Possibly the biggest star of the show here is the assortment of actual guns – not the super-powers, not the free-roaming, and (maybe) not the paranormal enemies. For the WWII junkies, you’ve got your standard MP40, bolt action rifle, rocket launcher, and grenades. Curiously, no shotgun. No shotty in an FPS? What the?
We like shotguns. A lot. Maybe it’s a good thing we’ve never fired one in real life. Still, we didn’t miss the ol’ head vaporizer here, because the super guns in Wolfenstein are downright evil in their ability to satisfy our darker urges. Sure, the Particle Cannon is just a re-skinned Chaingun, but the way it disintegrates Nazi assholes with a wonderful sizzling sound makes it brand new again.
There’s also the Tesla gun, which is about as skill-less as a gun can get, considering it will hit everything in a 90–degree arc in front of you. But the developers knew they had a gem on their hands and said “F-it, it’s going in!” Perhaps it’s the game’s version of a shotgun, or maybe a flamethrower (no, wait – there’s already a flamethrower also). Either way, running into a room full of ten Nazis and unleashing what amounts to a full-on lightning storm, with hissing arcs of electricity jumping along the floor, walls, and screaming faces, is a joy not to be missed. Ah, man, that thing is a hoot.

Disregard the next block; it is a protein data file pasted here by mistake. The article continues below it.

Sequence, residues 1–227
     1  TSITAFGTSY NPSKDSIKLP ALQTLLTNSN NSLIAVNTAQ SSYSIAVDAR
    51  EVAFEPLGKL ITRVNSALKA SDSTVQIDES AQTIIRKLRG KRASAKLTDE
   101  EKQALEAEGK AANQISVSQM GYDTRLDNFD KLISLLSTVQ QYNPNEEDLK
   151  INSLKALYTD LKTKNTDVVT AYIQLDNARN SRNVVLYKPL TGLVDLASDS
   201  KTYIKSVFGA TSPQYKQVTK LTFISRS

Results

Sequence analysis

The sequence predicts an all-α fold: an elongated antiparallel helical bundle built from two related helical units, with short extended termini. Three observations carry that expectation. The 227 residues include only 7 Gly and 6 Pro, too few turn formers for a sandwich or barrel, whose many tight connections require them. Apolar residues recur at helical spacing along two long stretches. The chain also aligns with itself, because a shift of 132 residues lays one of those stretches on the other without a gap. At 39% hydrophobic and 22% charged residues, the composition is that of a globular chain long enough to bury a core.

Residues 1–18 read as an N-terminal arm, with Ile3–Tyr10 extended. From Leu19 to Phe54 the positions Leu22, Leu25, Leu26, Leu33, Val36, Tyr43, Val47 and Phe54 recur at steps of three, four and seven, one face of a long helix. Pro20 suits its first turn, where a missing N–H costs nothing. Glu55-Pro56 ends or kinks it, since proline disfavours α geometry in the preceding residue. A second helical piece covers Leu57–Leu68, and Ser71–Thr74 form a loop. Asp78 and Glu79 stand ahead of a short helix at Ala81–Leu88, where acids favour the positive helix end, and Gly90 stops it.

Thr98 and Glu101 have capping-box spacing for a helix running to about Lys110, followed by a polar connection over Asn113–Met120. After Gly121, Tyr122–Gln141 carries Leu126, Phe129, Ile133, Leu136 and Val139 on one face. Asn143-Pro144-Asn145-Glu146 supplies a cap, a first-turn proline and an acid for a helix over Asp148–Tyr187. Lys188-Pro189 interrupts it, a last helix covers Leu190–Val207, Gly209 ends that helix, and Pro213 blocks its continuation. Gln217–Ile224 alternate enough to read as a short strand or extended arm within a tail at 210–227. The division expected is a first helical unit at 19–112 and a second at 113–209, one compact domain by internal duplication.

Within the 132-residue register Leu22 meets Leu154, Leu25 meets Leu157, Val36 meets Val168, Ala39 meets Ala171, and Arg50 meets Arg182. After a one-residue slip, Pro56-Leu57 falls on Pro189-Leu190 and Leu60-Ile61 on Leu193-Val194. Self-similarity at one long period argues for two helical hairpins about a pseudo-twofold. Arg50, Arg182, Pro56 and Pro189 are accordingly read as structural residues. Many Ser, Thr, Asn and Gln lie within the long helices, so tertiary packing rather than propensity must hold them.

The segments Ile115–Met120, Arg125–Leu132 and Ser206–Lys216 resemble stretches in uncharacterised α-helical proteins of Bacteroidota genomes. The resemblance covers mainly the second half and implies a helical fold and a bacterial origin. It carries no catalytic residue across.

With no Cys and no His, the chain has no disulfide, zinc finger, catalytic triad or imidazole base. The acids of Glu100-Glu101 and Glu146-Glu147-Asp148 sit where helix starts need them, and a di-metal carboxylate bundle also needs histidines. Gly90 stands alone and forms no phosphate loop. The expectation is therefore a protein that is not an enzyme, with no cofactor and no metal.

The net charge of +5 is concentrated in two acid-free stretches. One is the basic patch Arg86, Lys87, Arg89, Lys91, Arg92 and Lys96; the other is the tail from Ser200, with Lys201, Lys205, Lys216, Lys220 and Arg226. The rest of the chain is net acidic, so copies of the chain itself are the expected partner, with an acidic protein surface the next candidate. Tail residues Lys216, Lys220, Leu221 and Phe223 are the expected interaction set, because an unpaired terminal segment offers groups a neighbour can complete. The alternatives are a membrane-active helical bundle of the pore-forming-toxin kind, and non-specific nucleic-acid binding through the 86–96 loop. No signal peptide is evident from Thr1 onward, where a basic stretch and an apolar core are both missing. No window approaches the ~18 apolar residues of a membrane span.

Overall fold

The aforementioned flamethrower gives you the horrifying screeches of pain you’d expect, and that’s all that needs to be said about that. Then there’s the Leichenfaust 44, which is essentially an energy rocket launcher, except it adds the humorous effect of deactivating gravity in its blast radius. The hardier enemies aren't killed by the first shot, leaving them floating helplessly, giving you a nice target for the follow-up shot. As their body evaporates, individual bones are left floating away into nothingness. As one can see, there is considerable satisfaction in the feedback of the weapons, which is further enhanced by exceptionally tactile rumble effects.